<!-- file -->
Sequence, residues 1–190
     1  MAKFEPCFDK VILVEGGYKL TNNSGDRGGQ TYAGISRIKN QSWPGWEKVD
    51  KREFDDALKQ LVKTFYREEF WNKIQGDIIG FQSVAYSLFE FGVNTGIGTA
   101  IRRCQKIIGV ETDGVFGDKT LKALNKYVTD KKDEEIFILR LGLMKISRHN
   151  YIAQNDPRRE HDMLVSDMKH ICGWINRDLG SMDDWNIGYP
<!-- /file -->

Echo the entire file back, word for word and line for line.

Sequence, residues 1–190
     1  MAKFEPCFDK VILVEGGYKL TNNSGDRGGQ TYAGISRIKN QSWPGWEKVD
    51  KREFDDALKQ LVKTFYREEF WNKIQGDIIG FQSVAYSLFE FGVNTGIGTA
   101  IRRCQKIIGV ETDGVFGDKT LKALNKYVTD KKDEEIFILR LGLMKISRHN
   151  YIAQNDPRRE HDMLVSDMKH ICGWINRDLG SMDDWNIGYP